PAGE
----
And I’ve looked recently at how big companies’ rigid and punitively high requirements for calculating how profitable a new investment must be before green-lighting it feeds the impulse to buy back stock as a default decision.
Best option for some
Yet for certain types of companies, it’s hard to see an easy way off the buyback treadmill, and repurchases might remain the best option among several not-so-great ones.
The first group includes the enviable “cup runneth over” category – highly profitable, nicely growing or dominant businesses that have so much cash they don’t need to maintain their advantage and can hand lots of it back to investors.
Apple Inc. (AAPL) is in this group, using and borrowing against its towering $100 billion-plus cash pile to bid for its shares as a means of making its balance sheet less inefficient. There’s nothing smart that can be done with $130 billion in cash, so the market will never give full credit for its existence. Cutting into it to buy in stock makes sense and gives remaining shareholders greater leverage to Apple’s operating results.
Then there are the post-growth blue chips who need to substitute financial shuffling for true profit progress. Consider International Business Machines Inc. (IBM), an aggressive buyback player for years. Its business is quite mature, and it has been selling or shrinking capital-intensive divisions. Investors don’t want to see Big Blue placing big-money bets on expanding its own capacity or buying into brand-new businesses.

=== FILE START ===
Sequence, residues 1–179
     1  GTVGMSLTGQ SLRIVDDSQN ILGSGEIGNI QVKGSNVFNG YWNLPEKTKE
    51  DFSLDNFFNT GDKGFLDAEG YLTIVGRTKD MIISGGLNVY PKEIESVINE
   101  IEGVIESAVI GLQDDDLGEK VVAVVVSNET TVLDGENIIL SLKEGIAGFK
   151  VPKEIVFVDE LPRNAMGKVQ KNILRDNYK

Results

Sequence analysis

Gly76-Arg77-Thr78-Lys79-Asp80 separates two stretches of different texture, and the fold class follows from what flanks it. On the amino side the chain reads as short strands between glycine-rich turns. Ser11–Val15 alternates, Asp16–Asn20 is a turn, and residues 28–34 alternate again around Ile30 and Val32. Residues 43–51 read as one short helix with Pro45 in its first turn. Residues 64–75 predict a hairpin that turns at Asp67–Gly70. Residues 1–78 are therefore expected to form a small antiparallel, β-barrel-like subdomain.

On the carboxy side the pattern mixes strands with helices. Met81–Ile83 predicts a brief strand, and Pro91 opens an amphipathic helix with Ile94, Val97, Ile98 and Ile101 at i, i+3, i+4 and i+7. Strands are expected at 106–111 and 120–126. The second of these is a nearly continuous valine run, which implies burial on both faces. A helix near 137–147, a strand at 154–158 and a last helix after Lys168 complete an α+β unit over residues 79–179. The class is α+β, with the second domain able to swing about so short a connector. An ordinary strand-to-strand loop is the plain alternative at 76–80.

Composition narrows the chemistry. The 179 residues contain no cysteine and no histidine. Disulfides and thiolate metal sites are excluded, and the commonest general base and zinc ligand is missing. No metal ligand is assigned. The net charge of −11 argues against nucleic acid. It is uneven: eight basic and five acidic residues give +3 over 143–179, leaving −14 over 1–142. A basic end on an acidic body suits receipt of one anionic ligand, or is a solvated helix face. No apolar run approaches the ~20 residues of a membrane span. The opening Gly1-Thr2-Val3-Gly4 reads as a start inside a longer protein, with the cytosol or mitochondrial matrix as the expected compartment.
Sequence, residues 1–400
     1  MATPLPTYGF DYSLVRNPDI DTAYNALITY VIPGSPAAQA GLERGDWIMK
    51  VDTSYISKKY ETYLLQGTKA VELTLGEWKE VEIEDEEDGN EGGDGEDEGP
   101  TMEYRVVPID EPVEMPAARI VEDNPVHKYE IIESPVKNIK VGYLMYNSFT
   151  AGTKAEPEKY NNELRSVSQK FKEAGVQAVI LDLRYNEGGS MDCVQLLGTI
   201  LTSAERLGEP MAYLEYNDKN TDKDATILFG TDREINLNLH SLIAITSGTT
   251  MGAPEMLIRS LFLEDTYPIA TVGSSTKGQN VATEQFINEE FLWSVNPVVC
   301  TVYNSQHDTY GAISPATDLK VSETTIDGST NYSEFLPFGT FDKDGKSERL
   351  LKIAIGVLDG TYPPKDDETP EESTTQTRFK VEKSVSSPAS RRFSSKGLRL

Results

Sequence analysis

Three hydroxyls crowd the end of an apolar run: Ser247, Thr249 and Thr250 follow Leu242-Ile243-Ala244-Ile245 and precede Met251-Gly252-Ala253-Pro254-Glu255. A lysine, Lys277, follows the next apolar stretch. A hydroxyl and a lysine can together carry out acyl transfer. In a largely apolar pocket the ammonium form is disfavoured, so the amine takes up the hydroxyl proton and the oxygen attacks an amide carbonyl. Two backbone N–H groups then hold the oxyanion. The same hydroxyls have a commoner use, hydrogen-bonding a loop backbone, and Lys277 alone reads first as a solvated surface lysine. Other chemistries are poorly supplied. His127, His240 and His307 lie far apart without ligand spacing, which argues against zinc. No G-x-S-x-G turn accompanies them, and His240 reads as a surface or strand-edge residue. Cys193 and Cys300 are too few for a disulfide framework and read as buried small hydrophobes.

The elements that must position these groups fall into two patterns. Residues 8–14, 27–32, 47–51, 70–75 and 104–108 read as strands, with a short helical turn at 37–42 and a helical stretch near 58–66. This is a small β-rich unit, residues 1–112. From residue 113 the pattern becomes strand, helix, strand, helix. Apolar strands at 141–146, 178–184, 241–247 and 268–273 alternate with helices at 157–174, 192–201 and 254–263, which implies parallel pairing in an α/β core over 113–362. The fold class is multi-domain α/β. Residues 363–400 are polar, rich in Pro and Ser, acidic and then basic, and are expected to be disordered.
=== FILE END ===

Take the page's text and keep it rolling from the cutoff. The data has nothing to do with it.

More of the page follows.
The company repurchased an average of $14 billion in shares annually from 2010 through 2013, materially shrinking its supply of stock. Over that span, its net income grew only 4% in total (not per year – in total), yet earnings per share in 2013 were 14.4% above 2010 levels.
It’s no surprise tech is the leading buyback sector. Not only do younger companies need to offset the dilution from over-generous stock-compensation awards, but Old Tech is cash rich and growth starved.
Or how about Bed Bath & Beyond Inc. (BBBY)? The one-time “category killer” in housewares is now struggling to resume growing under pressure from online retailers. The company has so intently sought to consume itself progressively in the open market that some on Twitter have called it Bed Bath & Buyback.